@fotopfotop 

I've asked a Comcast employee to help you. You should expect a reply in this thread. 




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We ask that you post publicly so people with similar questions may benefit from the conversation.
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I am an XFINITY Forum Expert and I am here to help.
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Frequent Visitor

Re: Problem with Comcast Node -- 30% Packet Loss

Thanks for responding, I really appreciate it!  I've done most of what you said already, and now have done the rest...

 

You should...

  • Run a test to an IP address on the Internet, such as a web server, email server or other computer that should have high-availability and accepts ICMP traffic.  I started with ping -t to www.google.com and noticed the dropped packets.  Then I did a tracert to see where it's slowing down.  I found that it is slowing down on my first hop in the tracert, a comcast CISCO node.  I now always have both ping -t www.google.com and ping -t <comcast node> and they fail on packets in lock step when the issues start.  
  • Run a test to a local IP address on your network such as a router or another computer, that accepts ICMP traffic to determine local network connectivity.  No issue here.  I can ping my wife's computer with almost no latency.  Same with pinging other routers (in my network, 192.168.1.1, 192.168.1.50, 192.168.1.100), no latency.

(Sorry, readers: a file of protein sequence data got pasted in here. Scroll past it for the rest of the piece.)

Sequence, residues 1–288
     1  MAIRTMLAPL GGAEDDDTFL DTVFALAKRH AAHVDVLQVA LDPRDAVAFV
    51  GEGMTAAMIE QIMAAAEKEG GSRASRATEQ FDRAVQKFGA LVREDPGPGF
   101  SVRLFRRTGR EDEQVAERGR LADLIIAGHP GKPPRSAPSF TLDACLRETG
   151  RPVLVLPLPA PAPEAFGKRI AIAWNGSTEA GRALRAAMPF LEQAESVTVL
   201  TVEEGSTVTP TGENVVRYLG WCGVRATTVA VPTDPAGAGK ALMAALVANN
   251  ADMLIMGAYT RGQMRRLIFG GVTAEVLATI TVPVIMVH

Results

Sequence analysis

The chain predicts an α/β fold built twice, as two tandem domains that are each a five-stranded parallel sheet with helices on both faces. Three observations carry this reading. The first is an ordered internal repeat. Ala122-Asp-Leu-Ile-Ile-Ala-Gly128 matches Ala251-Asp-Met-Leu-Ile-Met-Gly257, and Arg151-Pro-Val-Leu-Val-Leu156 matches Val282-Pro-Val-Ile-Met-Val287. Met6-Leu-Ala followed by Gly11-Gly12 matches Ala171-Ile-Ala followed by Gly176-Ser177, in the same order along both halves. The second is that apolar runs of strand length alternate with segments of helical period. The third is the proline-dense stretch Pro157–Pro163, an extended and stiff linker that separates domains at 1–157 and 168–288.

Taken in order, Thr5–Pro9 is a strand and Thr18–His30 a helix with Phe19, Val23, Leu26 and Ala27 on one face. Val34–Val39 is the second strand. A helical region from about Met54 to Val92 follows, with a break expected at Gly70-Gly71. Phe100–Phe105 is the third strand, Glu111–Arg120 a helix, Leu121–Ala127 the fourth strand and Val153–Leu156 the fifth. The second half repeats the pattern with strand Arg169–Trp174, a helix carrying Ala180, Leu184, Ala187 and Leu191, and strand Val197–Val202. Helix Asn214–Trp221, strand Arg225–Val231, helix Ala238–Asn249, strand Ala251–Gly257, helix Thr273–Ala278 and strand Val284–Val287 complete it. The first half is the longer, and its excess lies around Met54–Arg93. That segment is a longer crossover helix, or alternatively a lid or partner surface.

• Run a test to your modem/gateway's local IP address, such as 192.168.100.1 or 10.0.0.1. This can help determine connectivity between your computer and your modem.  No issue with pinging the modem on 192.168.100.1 (my modem), no latency.  I cannot get to 10.0.0.1...  I have never used that IP.  Could that be something, or is that a different modem?
  • Run a test to 127.0.0.1 to ensure your network interface card is responding.  No issue here, no latency.  FYI, I  have 3 computers that I use periodically and cell phones.  I've done pings from the routers as well and when the packets are being dropped, all devices do not work -- not a device issue.

You shouldn't...

  • Run a test to a CMTS or node. The network interfaces in these pieces of equipment are designed to de-prioritize ICMP traffic and will provide false-positives. Our team has more accurate means to determine if there is a problem in your area.  Great, but if I ping google/amazon/yahoo/etc, I get the same packet loss in lock step as pinging the node.  When the packet loss occurs, the internet stops working, cannot even bring up google webpage for the most part.
  • Run a test to 75.75.75.75, 75.75.76.76 or other Comcast DNS server. These servers de-prioritize ICMP traffic and will provide false-positives of high latency or dropped packets.  Ok, I do not do that, but understood.
  • Run a test to your modem/gateway's external IP address while on your network.  I think I understand that, I have not done that.
  • Run a test while connected to a VPN service. Due to their nature, VPN services create a false-positive rich environment and won't return accurate results.  Correct, I have no VPN